Against masculinity

When I was a small, school-age child, perhaps 7 or 8, I brought a new book to class for morning reading. It happened to be “Baby Island,” a 1937 novel that Wikipedia describes as “Robinson Crusoe… but with four babies.” My intention, on that brisk fall morning, was to pull the paperback out of my backpack and open it to my bookmark.

“What is that? Why are you reading that?” someone asked. A cluster formed around my desk, to see the boy who was not reading a very boyish book. Babies, of course, were the realm of moms — of women. I wasn’t sure what to say. It was a story. I wanted to find out what happened next.

There was never a restriction, in my house, of what a boy should or should not consume. I read Nancy Drew and the Hardy Boys both. The complete “Anne of Green Gables” saga. “Little House on the Prairie” and all the (admittedly tedious) sequels. And eventually science fiction and fantasy, in which I read male authors — Orson Scott Card, Isaac Asimov, Ray Bradbury — as well as women such as Margaret Weiss, J.K. Rowling and Madeleine L’Engle.

With age came music. At summer camp before junior year, as my bunkmates obsessed over Sublime and the Red Hot Chili Peppers and taped scissored posters of women in bikinis (and less) on the walls, I was hiding my Fiona Apple cassette. High school wasn’t any different. It was the height of Limp Bizkit: the men of Ventura High were expected to listen to music that was heavy and hard. Punk at least, but metal was even better. I liked some of that: Everclear and Blink-182 and a few more, but mostly I was interested in Ben Folds Five and Elliott Smith, and drew scorn for it.

Eventually, I found the weird kids and the outcasts and started worrying about impressing music snobs instead, but there were always new lines being drawn. In college, I had to defend watching “Sex and the City” episodes. Cocktails? Those were “girly drinks.” To be a man was to drink corporate beer and do shots, perhaps because the point was to get drunk enough to forget being a man wasn’t much fun. And there was always the ugly static of someone, perhaps a friend, using “gay” or worse as a slur to describe another man’s clothing choices, attitude, haircut, whatever.

I know now, thanks to my parents and the remarkable independent bookstore I spent my childhood in, that I was receiving an early lesson in equality, open-mindedness and feminism. I am grateful that somehow that was enough to carry me onward through non-masculine-approved behavior — through music, through watching “Sailor Moon” before school every morning, through not giving a shit about football.

Rejecting male critiques, as a man, was a pretty easy burden for me to bear. I am white, straight and cisgender: I never had to deal with the abuse and marginalization that faces people of color and the LGBT community. The worst thing to happen to me as a Jew, besides a lingering sense of otherness, was going to middle school with a pair of skinhead neo-Nazis who knew a few slurs but never got around to beating any of us up. And yet, at every turn, the masculine path was clearly set in front of me. Strength, anger, endurance, violence, stoicism. This is for boys, this is for girls. Don’t dress like this, don’t watch this, don’t listen to this.

Don’t, don’t, don’t. What could possibly happen, dudes? Could it be that we might experience a wider view of the human experience? Could it be that women are people and sensitivity is a universal quality? Could it be that Fiona Apple is a better songwriter than Bob Dylan?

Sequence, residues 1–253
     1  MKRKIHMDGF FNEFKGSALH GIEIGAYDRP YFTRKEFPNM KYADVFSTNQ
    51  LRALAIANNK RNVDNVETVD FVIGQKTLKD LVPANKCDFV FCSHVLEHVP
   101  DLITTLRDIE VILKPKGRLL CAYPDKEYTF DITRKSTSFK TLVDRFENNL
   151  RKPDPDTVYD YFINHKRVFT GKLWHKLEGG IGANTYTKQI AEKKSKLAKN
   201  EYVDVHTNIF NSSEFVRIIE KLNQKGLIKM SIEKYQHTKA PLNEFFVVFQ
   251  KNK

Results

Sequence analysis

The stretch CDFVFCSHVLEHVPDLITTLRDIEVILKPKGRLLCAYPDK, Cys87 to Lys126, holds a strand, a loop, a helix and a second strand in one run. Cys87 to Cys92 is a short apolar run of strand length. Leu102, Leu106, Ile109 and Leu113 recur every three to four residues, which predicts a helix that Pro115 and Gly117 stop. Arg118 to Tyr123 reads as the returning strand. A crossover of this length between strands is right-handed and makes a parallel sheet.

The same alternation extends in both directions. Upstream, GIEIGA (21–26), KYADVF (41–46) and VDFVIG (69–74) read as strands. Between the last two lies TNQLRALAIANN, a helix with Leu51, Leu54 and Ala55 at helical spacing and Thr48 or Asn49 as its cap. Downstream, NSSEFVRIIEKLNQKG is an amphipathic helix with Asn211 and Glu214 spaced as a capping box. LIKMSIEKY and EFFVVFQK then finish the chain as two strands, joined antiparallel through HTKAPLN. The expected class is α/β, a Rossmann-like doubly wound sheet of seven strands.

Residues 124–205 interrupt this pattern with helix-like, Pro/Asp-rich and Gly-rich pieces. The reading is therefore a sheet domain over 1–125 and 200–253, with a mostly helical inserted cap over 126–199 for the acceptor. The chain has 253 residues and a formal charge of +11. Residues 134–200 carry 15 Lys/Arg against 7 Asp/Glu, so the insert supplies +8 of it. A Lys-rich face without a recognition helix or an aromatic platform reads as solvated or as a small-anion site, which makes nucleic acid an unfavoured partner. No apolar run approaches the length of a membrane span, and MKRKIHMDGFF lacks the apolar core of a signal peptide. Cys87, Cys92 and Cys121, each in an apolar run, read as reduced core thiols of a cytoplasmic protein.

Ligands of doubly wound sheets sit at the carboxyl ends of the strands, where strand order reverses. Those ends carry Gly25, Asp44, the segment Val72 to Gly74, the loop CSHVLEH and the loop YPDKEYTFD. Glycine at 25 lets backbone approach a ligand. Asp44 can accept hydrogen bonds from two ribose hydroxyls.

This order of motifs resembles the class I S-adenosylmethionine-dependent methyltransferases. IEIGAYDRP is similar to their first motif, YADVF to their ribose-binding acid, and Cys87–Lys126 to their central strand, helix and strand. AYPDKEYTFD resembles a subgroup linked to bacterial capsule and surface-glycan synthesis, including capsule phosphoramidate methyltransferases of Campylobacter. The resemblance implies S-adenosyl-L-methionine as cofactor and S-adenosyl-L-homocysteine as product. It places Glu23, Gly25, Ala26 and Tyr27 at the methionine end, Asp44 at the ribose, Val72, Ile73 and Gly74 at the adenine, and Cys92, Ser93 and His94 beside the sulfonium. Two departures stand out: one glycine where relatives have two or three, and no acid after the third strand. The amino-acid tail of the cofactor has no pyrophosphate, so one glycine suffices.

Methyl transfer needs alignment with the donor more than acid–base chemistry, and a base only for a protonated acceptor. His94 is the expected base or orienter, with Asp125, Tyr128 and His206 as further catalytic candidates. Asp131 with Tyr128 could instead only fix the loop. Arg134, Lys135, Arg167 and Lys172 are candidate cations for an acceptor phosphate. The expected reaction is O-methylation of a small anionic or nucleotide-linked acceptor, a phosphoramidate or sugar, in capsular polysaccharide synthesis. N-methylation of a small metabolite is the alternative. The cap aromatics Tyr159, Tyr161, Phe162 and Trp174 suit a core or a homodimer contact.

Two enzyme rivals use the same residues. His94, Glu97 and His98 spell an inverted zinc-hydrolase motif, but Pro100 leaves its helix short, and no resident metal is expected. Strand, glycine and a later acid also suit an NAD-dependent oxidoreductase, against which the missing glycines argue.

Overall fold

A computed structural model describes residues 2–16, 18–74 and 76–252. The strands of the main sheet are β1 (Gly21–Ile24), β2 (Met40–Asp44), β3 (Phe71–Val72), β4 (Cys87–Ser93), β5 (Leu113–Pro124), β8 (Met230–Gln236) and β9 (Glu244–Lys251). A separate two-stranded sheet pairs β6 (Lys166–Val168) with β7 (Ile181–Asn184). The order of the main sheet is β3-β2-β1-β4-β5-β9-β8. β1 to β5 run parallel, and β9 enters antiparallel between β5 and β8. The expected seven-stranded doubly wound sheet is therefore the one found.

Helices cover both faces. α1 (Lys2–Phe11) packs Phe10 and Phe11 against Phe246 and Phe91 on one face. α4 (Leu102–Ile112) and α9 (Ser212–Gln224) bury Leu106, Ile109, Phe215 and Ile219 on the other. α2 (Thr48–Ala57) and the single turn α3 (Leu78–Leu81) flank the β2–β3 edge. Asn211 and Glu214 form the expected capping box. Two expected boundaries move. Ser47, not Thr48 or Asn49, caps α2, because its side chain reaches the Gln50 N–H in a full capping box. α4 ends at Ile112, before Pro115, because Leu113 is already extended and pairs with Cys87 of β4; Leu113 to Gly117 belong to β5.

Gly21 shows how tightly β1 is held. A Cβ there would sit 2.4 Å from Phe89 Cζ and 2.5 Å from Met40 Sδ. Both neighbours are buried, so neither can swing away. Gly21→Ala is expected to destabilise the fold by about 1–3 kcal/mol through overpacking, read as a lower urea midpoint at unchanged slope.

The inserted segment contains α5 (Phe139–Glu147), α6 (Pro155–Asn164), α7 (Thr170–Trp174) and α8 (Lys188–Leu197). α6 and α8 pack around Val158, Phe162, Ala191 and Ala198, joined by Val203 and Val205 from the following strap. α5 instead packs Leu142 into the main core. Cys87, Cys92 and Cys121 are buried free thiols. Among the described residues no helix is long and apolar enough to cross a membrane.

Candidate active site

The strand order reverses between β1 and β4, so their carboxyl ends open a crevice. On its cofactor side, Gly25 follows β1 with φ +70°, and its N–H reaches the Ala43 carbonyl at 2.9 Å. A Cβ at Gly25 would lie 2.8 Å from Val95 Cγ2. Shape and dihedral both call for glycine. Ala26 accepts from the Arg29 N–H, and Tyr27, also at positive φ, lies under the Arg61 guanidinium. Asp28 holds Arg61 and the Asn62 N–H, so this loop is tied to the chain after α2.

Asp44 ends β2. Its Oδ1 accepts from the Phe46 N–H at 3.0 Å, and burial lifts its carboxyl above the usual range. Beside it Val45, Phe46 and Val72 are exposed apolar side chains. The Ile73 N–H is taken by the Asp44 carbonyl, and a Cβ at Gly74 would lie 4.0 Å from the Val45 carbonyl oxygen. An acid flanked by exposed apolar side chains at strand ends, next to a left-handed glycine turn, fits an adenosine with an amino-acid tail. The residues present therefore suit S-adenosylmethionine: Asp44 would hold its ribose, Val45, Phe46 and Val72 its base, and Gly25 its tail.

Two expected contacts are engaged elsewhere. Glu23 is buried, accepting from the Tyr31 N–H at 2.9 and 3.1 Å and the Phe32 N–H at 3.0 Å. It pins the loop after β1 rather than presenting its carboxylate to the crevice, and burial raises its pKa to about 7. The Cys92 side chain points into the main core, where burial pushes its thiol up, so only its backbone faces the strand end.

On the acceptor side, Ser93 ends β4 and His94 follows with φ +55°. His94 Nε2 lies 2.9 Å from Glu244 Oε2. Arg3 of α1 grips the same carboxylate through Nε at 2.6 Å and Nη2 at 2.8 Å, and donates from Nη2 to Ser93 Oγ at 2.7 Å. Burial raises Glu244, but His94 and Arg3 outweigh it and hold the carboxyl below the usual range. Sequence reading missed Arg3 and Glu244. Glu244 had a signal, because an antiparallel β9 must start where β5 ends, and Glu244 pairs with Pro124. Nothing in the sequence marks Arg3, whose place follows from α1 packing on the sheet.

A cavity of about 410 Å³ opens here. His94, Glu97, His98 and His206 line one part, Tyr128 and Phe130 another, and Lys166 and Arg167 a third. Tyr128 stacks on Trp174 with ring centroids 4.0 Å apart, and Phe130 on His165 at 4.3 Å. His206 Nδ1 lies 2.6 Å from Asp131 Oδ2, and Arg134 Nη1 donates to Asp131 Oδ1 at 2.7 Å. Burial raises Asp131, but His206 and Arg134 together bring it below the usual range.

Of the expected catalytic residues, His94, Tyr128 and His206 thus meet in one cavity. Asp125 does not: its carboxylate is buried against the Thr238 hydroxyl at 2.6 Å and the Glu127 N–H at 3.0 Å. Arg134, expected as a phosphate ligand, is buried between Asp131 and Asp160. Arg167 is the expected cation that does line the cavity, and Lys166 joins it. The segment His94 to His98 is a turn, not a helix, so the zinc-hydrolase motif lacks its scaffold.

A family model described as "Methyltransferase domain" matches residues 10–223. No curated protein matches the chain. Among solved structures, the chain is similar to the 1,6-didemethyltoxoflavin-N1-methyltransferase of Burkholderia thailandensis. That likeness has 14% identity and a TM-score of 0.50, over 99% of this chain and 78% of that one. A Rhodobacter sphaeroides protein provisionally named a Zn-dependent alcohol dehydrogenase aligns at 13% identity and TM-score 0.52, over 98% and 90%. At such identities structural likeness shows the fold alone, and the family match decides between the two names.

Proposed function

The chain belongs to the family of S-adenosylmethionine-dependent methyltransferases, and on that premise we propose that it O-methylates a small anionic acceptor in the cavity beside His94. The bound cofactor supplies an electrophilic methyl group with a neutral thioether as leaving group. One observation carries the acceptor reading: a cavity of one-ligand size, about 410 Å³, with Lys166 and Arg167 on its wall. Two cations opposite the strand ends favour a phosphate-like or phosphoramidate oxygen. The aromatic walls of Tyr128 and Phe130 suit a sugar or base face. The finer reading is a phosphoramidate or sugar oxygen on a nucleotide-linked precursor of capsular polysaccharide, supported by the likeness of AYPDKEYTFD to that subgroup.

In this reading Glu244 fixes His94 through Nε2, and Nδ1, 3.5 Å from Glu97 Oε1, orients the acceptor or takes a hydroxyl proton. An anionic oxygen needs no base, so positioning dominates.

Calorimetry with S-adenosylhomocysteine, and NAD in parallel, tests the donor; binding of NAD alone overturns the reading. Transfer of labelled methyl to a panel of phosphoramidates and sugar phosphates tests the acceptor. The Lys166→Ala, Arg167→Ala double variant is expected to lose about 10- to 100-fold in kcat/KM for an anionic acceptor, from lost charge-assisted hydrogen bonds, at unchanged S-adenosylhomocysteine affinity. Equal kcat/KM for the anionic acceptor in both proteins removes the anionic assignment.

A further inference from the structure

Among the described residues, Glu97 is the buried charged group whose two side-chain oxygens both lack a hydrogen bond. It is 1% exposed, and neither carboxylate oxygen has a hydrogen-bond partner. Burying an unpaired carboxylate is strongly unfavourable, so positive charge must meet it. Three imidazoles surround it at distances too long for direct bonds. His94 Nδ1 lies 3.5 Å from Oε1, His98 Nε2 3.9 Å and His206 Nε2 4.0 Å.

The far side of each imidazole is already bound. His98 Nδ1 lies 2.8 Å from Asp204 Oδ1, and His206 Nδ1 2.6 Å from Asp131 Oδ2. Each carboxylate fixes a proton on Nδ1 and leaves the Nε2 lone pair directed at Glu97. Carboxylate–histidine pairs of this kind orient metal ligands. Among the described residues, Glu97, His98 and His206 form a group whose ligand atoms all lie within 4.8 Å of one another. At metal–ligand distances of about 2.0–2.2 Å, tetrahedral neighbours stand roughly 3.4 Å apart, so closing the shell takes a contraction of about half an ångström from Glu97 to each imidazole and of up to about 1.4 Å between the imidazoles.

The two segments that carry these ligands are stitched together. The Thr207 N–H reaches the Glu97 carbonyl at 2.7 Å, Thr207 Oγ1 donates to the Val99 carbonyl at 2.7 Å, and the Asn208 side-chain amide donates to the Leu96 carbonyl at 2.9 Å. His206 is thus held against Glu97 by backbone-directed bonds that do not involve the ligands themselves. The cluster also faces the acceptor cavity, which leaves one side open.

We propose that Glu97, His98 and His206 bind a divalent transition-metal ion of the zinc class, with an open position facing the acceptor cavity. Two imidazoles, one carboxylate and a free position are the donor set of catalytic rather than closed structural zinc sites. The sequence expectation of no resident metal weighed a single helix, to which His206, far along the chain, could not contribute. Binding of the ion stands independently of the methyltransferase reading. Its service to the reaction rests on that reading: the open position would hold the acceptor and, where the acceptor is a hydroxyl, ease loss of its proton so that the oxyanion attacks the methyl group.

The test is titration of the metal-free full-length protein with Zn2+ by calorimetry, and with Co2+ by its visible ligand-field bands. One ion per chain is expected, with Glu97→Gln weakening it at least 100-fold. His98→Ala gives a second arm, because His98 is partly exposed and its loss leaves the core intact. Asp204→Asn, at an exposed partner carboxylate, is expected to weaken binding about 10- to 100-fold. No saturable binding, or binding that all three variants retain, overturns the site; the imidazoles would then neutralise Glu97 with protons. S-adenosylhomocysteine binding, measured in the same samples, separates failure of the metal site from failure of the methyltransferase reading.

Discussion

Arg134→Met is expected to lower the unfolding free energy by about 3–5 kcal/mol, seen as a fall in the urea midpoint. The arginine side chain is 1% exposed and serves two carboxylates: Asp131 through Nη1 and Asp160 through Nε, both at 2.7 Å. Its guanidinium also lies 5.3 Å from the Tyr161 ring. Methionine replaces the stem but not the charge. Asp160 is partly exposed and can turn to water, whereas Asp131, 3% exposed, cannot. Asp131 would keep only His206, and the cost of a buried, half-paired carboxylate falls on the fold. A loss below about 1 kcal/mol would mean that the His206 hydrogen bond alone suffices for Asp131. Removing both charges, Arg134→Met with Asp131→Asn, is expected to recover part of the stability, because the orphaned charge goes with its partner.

This morning, after engaging on Twitter with a man heckling feminists and “beta males” (that term a truly awful feat of insecurity and self-denial), I received a handful of heckles myself: mostly, comments that I own a cat. This was the worst they could come up with: I am a failed man, a beta male incapable of reason or seriousness because I own a foster animal that isn’t a dog. Or isn’t a 150-pound police-trained killer. Or isn’t an actual fire-breathing dragon. I don’t know, I must’ve set the Man Rules emails to spam.

The effort to define manhood is a source of artificial strength, a buttress against crumbling walls. Men who aspire to such stereotypes are searching for a safe and simple path, the same way people turn toward religion or any form of dogma. If you never have to look outside your prison walls, you never have to be afraid of what you might encounter. Thinking for yourself eases away. The world never changes, and we know change is hard.

I think the white-knuckled grip some men keep on what defines a man, on trying to forever be some ersatz version of John Wayne or Batman or Han Solo or a SEAL Team 6 commando who also drinks scotch and fights fires, is a form of sad self-defense — a suffocating shield, being brandished as a sword. Consider, oh male reader, someone you disagree with: a climate change denier or Ku Klux Klan member, maybe. Aren’t they clinging to an old idea of the world, one they can control, one that isn’t new or different or equal or, let’s just say it, actually happening?

As a feminist, I know that breaking down the toxic social expectations around women is work intended to free them. To allow them to experience life and been understood as the whole and complicated people we all are. I know that men are just as trapped and just as much in need of liberation. That is, if they can face their fears of anything coded as feminine, gay or merely different. Aren’t men supposed to be brave?

Men don’t have to be anything. You just have to be you. Fuck defining that.

David Greenwald is the Oregonian pop music critic and has written for Rolling Stone, GQ and the Los Angeles Times, among others. Follow him @davidegreenwald and or via his weekly newsletter.

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